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I bought a set of banana plugs of the style shown here (with rough 3d model to clarify the shape of the terminal because shiny metal is hard to photograph!).

The site I got them from (here) didn't go into detail and there is no datasheet, plus I cannot find any links on the googles that match this exact shape of terminal. It seems that there are many dozens of different types of 4mm banana plugs and this is a fairly rare breed.

enter image description here

My plan is to solder in some 14 AWG wire by first tinning the wire generously, inserting it into the hole at the end face of the terminal and then feeding more solder in through the hole in the side until the connection is full of solder.

Is that the correct way to install a wire into this kind of terminal? I think it is but I have also seen terminals that are intended for solderless connection to the cable (eg. by lacing the strands through the various holes and thus creating gas-tight connections through interference fit and friction).

I'm going to be using these for 3.3 V, 5 V and 12 V power up to max 4 Amps each (it's an ATX desktop power supply project). Edit: The PSU has overcurrent protection which kicks in at 150% rated current, and I'm going to put some 5A fuses in there too for good measure.

If this isn't the best way, could you please suggest a better method?

Also, if anyone could scare up a datasheet for this part that would be great, I'm drawing blanks at the moment.

EDIT: Further to @Neil_UK's answer, I would suggest that 14 AWG is about the biggest cable size that this type of connector can comfortably accommodate. My Weller WHS40 iron was struggling but it did manage to get the job done. Tinning the wire very thoroughly first (without increasing the diameter of the conductor) and then inserting into the terminal, then flooding the aperture with enough solder to completely fill the void resulted in a very strong joint.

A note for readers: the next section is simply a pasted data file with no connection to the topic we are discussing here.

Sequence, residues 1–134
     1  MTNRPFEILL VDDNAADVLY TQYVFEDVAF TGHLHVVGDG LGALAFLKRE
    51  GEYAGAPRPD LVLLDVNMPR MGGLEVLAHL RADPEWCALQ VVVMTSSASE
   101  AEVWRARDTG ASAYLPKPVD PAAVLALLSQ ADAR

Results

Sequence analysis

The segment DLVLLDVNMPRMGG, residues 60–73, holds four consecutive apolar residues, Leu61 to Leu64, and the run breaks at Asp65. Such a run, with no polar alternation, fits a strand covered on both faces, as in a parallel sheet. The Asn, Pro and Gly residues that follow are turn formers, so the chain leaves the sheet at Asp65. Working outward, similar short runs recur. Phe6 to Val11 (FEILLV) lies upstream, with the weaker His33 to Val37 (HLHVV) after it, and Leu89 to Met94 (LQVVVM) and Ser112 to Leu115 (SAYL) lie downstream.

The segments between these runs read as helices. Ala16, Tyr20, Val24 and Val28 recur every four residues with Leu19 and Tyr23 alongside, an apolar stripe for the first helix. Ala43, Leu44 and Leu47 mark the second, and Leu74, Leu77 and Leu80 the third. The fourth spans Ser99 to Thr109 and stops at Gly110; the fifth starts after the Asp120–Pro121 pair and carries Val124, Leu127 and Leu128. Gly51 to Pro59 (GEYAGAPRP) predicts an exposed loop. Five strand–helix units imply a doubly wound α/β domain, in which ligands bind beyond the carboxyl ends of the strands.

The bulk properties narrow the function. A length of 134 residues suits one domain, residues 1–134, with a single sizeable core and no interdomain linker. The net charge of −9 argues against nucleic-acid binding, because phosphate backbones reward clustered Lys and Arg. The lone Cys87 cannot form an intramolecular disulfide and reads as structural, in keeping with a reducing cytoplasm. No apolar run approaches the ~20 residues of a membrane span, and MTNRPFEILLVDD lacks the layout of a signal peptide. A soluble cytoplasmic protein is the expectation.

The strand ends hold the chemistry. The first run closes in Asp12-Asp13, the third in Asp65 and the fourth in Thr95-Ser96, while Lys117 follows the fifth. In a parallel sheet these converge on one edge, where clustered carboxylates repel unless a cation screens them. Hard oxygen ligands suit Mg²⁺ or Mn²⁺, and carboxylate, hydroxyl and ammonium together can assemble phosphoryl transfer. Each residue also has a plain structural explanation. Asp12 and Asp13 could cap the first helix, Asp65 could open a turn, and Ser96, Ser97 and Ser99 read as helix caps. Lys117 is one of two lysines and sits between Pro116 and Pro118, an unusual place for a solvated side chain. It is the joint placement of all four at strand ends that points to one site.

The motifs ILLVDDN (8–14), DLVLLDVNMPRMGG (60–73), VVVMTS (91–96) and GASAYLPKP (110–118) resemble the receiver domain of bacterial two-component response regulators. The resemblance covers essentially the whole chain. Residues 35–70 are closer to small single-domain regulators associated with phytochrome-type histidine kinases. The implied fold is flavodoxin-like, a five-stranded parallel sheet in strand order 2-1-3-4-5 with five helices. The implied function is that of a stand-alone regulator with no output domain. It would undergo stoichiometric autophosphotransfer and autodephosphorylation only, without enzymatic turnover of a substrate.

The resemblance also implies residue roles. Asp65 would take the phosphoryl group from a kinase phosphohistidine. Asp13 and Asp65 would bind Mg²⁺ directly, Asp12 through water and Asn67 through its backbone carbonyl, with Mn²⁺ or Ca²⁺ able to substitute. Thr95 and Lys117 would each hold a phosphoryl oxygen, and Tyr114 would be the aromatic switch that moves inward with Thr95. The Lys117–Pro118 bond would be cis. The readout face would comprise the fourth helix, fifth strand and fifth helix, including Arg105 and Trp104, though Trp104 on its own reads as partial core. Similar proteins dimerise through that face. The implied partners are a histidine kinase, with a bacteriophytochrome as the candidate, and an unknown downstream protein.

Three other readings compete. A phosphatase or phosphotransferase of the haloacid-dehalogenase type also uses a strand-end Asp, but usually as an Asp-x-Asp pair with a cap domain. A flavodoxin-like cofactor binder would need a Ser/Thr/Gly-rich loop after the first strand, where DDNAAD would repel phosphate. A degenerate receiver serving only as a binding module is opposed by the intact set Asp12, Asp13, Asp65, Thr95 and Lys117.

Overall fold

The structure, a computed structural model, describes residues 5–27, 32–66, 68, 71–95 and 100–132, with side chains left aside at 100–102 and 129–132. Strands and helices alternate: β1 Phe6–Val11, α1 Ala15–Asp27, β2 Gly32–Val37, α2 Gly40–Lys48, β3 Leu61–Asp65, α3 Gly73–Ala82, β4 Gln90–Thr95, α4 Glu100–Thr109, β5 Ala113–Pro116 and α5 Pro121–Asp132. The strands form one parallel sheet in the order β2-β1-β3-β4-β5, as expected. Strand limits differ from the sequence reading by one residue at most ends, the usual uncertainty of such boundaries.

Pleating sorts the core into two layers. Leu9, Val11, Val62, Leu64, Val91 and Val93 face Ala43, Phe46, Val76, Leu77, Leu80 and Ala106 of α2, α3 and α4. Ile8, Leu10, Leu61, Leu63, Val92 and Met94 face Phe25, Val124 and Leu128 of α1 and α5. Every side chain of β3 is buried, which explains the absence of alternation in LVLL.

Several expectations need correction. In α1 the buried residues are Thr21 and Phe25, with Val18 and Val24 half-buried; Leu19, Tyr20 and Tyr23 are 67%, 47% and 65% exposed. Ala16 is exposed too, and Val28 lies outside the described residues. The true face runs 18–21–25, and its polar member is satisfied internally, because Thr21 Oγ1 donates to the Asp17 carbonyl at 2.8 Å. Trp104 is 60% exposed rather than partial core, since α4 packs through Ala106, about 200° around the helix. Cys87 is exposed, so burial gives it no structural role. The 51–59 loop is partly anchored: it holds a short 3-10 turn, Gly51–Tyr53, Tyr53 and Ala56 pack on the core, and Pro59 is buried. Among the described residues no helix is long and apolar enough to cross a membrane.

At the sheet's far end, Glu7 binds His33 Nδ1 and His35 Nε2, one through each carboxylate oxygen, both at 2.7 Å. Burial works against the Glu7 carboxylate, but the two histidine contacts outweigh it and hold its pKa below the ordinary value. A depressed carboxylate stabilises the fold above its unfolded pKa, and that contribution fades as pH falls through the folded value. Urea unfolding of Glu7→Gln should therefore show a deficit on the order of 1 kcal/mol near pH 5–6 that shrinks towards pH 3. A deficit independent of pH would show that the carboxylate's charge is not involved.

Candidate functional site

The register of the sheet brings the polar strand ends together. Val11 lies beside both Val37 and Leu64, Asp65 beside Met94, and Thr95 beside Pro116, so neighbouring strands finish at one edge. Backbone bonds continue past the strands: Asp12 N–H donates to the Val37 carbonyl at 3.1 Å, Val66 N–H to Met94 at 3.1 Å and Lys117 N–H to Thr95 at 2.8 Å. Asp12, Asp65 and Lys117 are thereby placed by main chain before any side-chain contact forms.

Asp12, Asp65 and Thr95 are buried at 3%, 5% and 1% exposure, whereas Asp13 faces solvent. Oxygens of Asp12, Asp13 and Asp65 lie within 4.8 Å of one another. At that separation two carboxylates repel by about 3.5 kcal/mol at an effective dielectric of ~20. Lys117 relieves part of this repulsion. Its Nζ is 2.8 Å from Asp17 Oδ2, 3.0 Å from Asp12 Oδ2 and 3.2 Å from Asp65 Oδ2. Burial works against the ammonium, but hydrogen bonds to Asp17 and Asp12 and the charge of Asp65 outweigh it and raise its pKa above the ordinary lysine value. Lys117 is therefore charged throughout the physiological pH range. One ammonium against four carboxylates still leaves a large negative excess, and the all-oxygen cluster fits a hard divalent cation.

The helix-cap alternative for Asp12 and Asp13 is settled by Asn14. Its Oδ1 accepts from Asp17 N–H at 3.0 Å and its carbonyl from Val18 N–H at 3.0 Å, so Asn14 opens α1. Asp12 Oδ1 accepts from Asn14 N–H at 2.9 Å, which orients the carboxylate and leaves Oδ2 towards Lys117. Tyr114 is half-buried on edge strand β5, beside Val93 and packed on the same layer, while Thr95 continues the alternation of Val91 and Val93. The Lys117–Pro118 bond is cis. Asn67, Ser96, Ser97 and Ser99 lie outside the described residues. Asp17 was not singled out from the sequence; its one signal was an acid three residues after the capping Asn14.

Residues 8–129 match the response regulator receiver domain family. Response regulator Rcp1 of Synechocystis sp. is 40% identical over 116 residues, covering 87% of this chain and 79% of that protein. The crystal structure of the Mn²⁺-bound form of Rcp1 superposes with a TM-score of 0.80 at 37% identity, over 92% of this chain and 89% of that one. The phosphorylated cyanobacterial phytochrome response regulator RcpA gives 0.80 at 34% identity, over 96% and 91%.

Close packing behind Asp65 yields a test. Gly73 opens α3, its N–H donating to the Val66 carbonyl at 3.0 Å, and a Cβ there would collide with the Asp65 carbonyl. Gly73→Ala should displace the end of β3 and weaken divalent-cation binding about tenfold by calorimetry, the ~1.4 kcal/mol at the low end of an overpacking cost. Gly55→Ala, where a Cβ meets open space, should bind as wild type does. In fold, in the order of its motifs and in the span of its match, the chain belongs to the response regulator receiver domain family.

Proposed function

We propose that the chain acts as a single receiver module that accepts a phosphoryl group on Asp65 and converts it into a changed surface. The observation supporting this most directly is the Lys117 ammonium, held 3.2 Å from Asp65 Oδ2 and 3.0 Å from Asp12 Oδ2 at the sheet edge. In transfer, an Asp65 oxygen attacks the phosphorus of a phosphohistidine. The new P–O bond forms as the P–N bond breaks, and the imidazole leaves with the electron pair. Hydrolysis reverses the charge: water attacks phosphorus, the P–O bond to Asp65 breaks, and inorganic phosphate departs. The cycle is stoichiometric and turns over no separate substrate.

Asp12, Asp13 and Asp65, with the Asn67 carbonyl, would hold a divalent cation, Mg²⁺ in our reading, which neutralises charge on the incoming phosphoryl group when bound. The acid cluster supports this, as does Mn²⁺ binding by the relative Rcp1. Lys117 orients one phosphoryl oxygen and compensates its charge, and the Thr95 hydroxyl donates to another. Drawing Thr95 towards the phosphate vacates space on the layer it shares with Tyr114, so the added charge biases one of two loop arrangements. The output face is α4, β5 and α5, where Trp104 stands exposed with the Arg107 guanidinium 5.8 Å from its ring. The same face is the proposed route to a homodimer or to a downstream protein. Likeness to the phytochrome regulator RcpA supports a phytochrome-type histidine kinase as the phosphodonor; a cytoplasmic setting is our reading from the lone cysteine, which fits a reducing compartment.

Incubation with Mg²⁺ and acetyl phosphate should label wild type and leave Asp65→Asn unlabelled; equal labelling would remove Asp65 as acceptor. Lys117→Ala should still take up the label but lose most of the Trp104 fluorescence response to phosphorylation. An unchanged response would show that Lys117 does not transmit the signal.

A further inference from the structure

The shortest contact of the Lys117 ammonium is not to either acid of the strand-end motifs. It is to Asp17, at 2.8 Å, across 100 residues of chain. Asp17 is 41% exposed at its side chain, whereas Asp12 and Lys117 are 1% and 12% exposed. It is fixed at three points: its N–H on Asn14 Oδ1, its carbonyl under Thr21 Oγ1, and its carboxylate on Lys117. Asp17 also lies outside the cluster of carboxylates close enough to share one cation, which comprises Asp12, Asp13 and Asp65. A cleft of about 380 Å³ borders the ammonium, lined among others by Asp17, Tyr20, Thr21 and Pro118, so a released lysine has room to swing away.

If you have a 200 Watt soldering gun and a bunch of flux, then you're good to go. :)

Edit: Here's the "datasheet" if it can be called that...

enter image description here

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  • \$\begingroup\$ They're rather unusual. Are you sure they're not solderless? i.e., Is there clearance between the top of the pin and the screw-on sleeve? If you run the wire in at the top and out at the side with enough to wrap nearly once around can you screw the sleeve on? \$\endgroup\$ – Transistor Aug 2 '17 at 17:01
  • \$\begingroup\$ @Transistor, I'm not sure, no. This is what I had in the back of my mind. With a smaller AWG wire (26 lets say) I think I could do a simple wire wrap as you describe. But for larger gauges such as the 14 AWG I'm using, I think it would be too tight, it might even split the plastic. With substantial current (4 A is higher than most of the stuff I've worked with before) I'd be concerned about relying on wrapping the wire being unable to give a good low-resistance connection. \$\endgroup\$ – Wossname Aug 2 '17 at 17:05
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This type of terminal is intended to be soldered in the way you describe.

Check carefully the interface between the spring cage, and the pin. I bought some cheap 4mm plugs which failed to make a secure contact between the inside of the cage and the outside of the pin. The I/D of the cage was too large, and rotated easily on the pin, even when the spring cage was compressed in the right size hole. Even if it rotates easily initially, it should tighten to the pin when inserted into a socket. I would be nervous about passing 8A through the connector if the pin to cage connection was poor.

I ended up soldering (very quickly and carefully, to avoid solder wicking into the cage (after trashing one that way)) the cage to the pin on the leading end, for my peace of mind.

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  • \$\begingroup\$ The spring cages are very tight on these ones, even more so when inserted into a binding post. I mistakenly put 8 Amps on my question but that's unlikely unless a dead short occurs, but there are fuses and overcurrent detection in my PSU so I think it's not a problem. \$\endgroup\$ – Wossname Aug 2 '17 at 17:02
  • \$\begingroup\$ @Wossname If the cages are tight, then that's good, I got bit by buying too cheap. \$\endgroup\$ – Neil_UK Aug 2 '17 at 17:05
  • \$\begingroup\$ With this type of plug there is no risk of solder ending up near the cage because the main body of metal is solid and not hollow, the wire only inserts about 5 or 6mm before it hits the bottom of the blind hole. They are very substantial and tough, surprisingly so given the low price (£1 each). \$\endgroup\$ – Wossname Aug 3 '17 at 6:53

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